I can honestly say that I am not for or against any side and I am not in any kind of war. Chuck has asked for some honest feedback about how he can choose where to go get some ski training. I have done my darndest to present an objective view of both programs he asked about, positives and negatives on both sides. I'm sorry if certain people don't like my opinions or my manner of expressing them, but my purpose is, and always has been, to further ski enlightment....
post #230 of 236
sorry bts, no I was very much not talking to you, sorry. Should have started out by saying how much i liked your most recent post actually.

Mostly talking to Max, just didn't want to quote that long post.
post #231 of 236
Originally Posted by mdf
..and for me, the only way I was able to do that was to (temporarily) eliminate it entirely.


Quote:
Originally Posted by Rick View Post
Eliminating it entirely means pure arc to arc carving. Is that what you really mean?

That's exactly what I mean. I had twenty years of tail pushing behind me. Those habits were not going to lie down without a fight.

I spent a couple of years where I really focused on arc to arc. I'm still not perfect by any means, but I feel I've gotten control of my turn initiation habits and can safely mix things up a little more.

(One caveat -- moguls never were included in my self-imposed rules.)
post #232 of 236
Quote:
Originally Posted by Bolter View Post
.

I would like to know how many others have given themselves to the PMTS as I have. I checked it out from top to bottom, out on the hill, on a daily basis, who else here has done that?
This bears repeating- what Bolter has done is what is required to really understand what PMTS can do for your skiing. It's not easy, and for advanced skiers the payoff may seem elusive at first.
Why "mix and match" is frowned upon- add leg steering and you lose that outside ski balance, and kinectic chain of the phantom move. Extend into the turn and you lose much of the ability to tip the inside ski, as well as the opportunity to carve the top of the turn in steep terrain. So 2 of the most popular "TTS additions" (sorry, couldn't think of a better way to say it) to PMTS inhibit 2 of the PMTS fundamentals- outside ski balance and inside ski tipping. That is not to say that PMTS skiers (sorry-a label...) don't ever do those things, but it's NOT what we practice.

ChuckT, I ski at Baldy and Mammoth. Let me know when you go skiing and if I'm there I will be happy to video you, as long as you are aware that while it may be helpful to you, it's not likely to prove anything here.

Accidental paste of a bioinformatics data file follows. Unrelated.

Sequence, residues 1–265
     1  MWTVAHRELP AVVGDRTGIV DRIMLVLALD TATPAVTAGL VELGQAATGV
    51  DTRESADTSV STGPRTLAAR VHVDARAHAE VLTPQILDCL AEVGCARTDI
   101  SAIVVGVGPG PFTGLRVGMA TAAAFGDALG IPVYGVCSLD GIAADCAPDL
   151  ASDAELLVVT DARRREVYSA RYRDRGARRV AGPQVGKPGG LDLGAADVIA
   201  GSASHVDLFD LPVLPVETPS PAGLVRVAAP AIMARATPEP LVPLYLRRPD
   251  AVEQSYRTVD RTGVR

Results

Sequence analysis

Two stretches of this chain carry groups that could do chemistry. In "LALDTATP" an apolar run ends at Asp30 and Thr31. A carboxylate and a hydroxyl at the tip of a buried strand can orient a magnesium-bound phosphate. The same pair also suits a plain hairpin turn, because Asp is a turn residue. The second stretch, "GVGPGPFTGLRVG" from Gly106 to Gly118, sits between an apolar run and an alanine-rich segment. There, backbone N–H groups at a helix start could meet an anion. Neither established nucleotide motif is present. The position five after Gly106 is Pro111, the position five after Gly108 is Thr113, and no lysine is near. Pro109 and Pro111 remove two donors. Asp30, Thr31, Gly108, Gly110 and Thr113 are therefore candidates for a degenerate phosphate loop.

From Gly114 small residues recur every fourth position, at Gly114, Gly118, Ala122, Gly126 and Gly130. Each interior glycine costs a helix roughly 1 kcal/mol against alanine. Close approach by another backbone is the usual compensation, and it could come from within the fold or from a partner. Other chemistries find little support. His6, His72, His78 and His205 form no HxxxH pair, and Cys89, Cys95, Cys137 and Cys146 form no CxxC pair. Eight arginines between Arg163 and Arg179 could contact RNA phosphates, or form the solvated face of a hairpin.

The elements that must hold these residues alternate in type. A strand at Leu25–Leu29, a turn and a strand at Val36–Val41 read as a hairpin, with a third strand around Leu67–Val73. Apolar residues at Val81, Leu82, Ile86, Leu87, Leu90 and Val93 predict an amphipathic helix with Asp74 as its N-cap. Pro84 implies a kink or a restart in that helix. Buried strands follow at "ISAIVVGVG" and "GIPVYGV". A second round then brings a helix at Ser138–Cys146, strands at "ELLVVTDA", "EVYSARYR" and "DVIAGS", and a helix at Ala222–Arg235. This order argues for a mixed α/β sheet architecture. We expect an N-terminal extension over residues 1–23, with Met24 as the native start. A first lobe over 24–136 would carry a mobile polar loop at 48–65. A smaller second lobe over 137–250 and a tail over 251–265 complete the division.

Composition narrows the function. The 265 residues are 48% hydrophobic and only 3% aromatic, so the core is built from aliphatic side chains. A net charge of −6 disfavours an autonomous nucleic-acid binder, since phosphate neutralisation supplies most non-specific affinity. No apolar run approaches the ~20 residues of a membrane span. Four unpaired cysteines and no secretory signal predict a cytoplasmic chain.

post #233 of 236
I must be a very dumb or very dim skier -- I still don't get what the big deal of this debate is.

Rotary, steering, pivoting: phooey.

Ever since shaped skis came out I knew that I shouldn't twist my feet in order to turn. Whether I accomplished this goal from the beginning is a topic for another endless debate.

What I do know is that shaped skis (and using them "properly") have enabled me to ski better than I ever did before. After 35 years of skiing, I continue to improve. I am a better skier than I was 15 years ago, and I am a better skier than I was a year ago. With two bad knees and a bad back I ski bumps, chutes, powder, groomers, you name it. I have taken a variety of lessons over the years, and have attended 5 ESA's.

I am not a fantastic skier, but I am a good skier. Most importantly, I enjoy skiing more than most activities on the planet. I am offended that according to some people, I am termed a loser or that "I don't get it" or that "I couldn't buy a turn" because of the the instructors that I listen to or because of the camps that I attend.

In all of the ESA's that I have attended, I do not recall any of the instructors mentioning rotary skills much less teaching them.

My wife attended two of Lito's camps before attending ESA's and felt that the instruction from one was compatible with the other. One of her ESA coaches is PMTS qualified, and Marcia never felt that she was learning anything other than "skiing".

ChuckT: there are good instructors and there are bad instructors (and, in my experience, there are some very talented instructors)(By the way, the coaches that I have met in the last 3 years have all been teaching skiing for a long time. Most claim to follow no particular ski instruction method, but have found what works for them best in teaching, and adapt their teaching technique according to the needs of the students they are teaching. To claim that a one-size-fits-all method is the way to go is totally laughable to me. Also to think that beginners never get good instructors is perhaps mostly, but not always true -- at dinner with a couple of demo team members, they remarked that some of their most rewarding times as coaches is when they teach classes with never-ever-skiers. I saw the look in their eyes , and I believe it. And I've been coached by them, and can vouch for their skill as skiers and teachers). In the opinion of this consumer, there is no good or bad "system". There are only bad instructors, and more importantly, bad connections between teacher and student. My advice to you, Chuck, is to attend a camp, any camp -- find an instructor that you trust and stick with him/her. And then ski a lot; do drills if you must (I am sure that they are a necessary evil in some weird way)(I hate them), but ski.

Oh, in case anybody missed it, this is my answer to the rotary debate:
PHOOEY.
post #234 of 236
bbinder that is the post of the month.

the thread should be locked here with that final word.


PHOOEY.
post #235 of 236
Quote:
Originally Posted by SkiMangoJazz View Post
bbinder that is the post of the month.

the thread should be locked here with that final word.


PHOOEY.
Yep.

One last word...

Tails follow the tips.
post #236 of 236
Indeed.